In a [black and white] photograph, the colour is only suggested by the light and shade; in these cartoons, the colour is pleasing, distinctly pleasing, but less pregnant with delight-giving qualities than their line; and for aesthetic perfection of colour, we must turn from the Florentine master to a Venetian, to Tiziano [Titian], who in his intense feeling for colour, surpasses Raphael, remaining little inferior to him in composition, at least in this instance. This is Tiziano's "Triumph of Bacchus," in our National Gallery. Here, besides the beauteous form of the god Dionysos-the Greek god of inspiration, of the drama and of wine--besides the living motion of the dancing procession, we have a wealth of rich colour, splendid harmonies of hue, deep blue, golden brown, tawny orange, the green depths of the woodland and the pearly hues of the half-nude sylvan folk, all balanced, put together, calculated with such masterly art, as to look spontaneous, fresh as nature itself. A pagan subject, in which the divine is represented by human beauty and vitality, action and exhilaration, instead of being shadowed forth in human dignity and love.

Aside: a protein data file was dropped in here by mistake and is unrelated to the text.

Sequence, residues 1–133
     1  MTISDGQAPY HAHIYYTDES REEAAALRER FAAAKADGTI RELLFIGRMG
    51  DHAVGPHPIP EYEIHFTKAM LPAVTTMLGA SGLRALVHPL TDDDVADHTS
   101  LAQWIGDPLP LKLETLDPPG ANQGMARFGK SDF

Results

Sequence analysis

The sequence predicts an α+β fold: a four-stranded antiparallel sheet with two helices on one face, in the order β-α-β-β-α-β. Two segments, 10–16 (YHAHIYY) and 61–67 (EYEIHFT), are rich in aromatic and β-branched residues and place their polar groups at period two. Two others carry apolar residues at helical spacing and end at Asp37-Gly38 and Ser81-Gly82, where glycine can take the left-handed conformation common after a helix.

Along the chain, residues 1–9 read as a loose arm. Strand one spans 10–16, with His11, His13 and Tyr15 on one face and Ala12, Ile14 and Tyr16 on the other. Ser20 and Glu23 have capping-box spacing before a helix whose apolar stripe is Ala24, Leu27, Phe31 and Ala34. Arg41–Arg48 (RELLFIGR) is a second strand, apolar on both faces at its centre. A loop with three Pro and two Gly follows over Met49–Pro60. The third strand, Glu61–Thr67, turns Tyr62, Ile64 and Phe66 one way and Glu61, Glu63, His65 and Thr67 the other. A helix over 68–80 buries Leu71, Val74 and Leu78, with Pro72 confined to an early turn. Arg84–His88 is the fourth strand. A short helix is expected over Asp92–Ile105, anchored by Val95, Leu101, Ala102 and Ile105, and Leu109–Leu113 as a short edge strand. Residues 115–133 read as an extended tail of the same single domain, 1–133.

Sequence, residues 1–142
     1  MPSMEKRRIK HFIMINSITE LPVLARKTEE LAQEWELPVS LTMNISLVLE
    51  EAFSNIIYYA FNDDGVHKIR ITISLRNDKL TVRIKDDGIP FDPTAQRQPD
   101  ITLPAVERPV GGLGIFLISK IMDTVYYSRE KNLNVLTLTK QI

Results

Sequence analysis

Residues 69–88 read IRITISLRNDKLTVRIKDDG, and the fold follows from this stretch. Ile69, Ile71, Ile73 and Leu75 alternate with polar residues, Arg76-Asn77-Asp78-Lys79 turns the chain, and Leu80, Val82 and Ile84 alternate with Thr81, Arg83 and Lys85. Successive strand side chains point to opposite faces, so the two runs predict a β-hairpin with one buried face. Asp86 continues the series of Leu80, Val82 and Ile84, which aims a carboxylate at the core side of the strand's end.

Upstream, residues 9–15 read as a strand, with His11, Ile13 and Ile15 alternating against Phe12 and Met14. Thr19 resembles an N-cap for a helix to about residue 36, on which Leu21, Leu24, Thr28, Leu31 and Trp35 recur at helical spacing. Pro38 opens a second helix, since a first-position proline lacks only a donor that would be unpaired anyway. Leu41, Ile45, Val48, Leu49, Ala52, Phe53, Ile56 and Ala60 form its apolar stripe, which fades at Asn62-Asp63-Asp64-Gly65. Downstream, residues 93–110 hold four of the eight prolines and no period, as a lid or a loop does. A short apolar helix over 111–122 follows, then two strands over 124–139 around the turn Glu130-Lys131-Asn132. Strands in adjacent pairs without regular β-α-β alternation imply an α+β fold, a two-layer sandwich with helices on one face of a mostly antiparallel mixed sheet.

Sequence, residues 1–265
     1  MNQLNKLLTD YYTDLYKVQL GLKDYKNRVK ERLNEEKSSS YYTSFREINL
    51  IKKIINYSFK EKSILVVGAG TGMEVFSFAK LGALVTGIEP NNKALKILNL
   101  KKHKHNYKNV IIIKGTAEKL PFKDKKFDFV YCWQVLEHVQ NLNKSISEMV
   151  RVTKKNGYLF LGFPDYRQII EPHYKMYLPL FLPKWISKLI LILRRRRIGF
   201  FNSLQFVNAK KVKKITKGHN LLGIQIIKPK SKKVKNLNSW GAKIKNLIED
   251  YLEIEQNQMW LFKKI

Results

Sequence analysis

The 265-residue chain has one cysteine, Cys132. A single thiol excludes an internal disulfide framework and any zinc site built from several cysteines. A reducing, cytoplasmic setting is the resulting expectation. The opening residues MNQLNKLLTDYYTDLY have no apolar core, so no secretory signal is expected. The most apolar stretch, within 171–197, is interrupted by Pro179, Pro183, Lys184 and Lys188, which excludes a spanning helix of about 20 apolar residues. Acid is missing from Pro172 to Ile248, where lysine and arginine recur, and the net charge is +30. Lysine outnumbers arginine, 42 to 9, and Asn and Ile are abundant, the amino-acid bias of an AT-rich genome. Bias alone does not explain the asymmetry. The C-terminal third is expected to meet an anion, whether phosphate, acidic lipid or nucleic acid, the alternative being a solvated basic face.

Put your child before this picture in the Gallery, and vaguely or clearly as may be, he will feel something of this beauty. You may, if you will, read fairy legend into its story of Ariadne on Naxos, and the departing ships of faithless Theseus, but if you do not care to tell him that, in a southern land far away, the cradle of our arts and sciences, more than two thousand years ago, there were simple shepherd folk who, in the dark forests and sunny glades, fancied they saw the god of their fruitful vines, the god of epic song (the songs of heroes sung at their feasts), the divine Bacchus with his merry crew peeping between the branches, and how he once, beautiful as the morning sun, leapt from his heavenly chariot to console a princess forsaken by her lover--if you do not tell him all this in words suited to his comprehension, he will see for himself the leopards drawing the car, the wild man charming serpents (fearsome art), and the baby Satyr in the foreground with the jasmine in his hair, dragging the head of a buck with as merry an air, as childish a grace, as any child to-day may drag his toy horse or cart in mimic procession; and there before him barks a spaniel, a touch of nature that often escapes eyes satiated with the colour beauty of this treasure of art. Such points as these you may point out to the child too unobservant to discern them for himself.